“There is no such thing as a safe level of pollution,” Dr. Andrea Baccarelli, chairman of the Environmental Health Sciences Department at Columbia University, told CNN. “It’s clear that relaxing the standards could cost lives.”
Backing coal bucks global trend on air pollution
There is no doubt that the U.S. coal industry is in decline, driven largely by market forces – including the falling prices of natural gas, wind and solar power.
Power plant owners have closed or announced plans to close 270 coal plants since 2010. Data from the Energy Information Administration says that CO2 emissions from coal-fired plants has almost halved since 2010. The administration says coal-fired capacity fell from 310 GW in 2011 to 260 GW by the end of 2017. Another 65 GW is expected to retire by 2030.
While most people expect this trend to continue, the concern is that allowing coal-fired power plants to continue operating – even if at a greater efficiency that cuts greenhouse gas emissions – will increase air pollution at a time when a global movement to address it is growing.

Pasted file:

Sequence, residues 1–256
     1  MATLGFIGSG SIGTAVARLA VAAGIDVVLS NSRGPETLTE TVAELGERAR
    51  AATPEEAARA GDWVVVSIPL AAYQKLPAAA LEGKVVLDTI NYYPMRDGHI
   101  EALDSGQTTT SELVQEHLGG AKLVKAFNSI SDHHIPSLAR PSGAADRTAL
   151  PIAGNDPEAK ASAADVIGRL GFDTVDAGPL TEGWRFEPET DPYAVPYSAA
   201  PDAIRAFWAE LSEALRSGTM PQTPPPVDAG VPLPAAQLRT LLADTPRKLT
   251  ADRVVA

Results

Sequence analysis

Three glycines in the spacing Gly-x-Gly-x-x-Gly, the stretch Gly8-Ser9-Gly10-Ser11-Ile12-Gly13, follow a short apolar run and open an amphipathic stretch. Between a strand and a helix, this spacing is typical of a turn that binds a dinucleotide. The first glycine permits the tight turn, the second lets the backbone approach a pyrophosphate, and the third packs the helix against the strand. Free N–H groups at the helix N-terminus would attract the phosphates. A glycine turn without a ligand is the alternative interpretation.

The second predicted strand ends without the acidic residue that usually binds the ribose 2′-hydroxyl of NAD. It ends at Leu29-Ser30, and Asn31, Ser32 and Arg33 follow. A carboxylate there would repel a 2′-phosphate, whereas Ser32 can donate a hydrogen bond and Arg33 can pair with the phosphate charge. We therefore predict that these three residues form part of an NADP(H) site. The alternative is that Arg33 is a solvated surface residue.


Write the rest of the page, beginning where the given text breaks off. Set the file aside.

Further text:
BreatheLife – a global network headed by the Climate and Clean Air Coalition, the World Health Organization and UN Environment – is running cleaner air initiatives that cover 38 cities, regions and countries, and reach over 79 million citizens.
The movement is encouraging policies and investments to support cleaner and energy efficient transport, homes and power generation industry. This is what many would like to see implemented in the U.S.
“Eliminating air pollution and the dirty energy that causes it can be one of the greatest boons to the health of Americans,” said Dr. Mona Sarfaty, Director of the Medical Society Consortium on Climate and Health, a coalition of 21 medical societies representing more than half a million doctors.
“If we put in place strong policies to truly support affordable clean energy, we will see improved health immediately from cleaner air, a safer environment and avoided health harms from climate change.”